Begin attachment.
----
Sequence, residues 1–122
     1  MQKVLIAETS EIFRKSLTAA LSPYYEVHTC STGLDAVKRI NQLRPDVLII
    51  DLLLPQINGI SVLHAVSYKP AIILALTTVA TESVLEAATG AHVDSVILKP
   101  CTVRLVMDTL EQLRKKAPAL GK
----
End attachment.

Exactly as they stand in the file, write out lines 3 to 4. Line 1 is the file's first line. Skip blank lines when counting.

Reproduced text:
    51  DLLLPQINGI SVLHAVSYKP AIILALTTVA TESVLEAATG AHVDSVILKP
   101  CTVRLVMDTL EQLRKKAPAL GK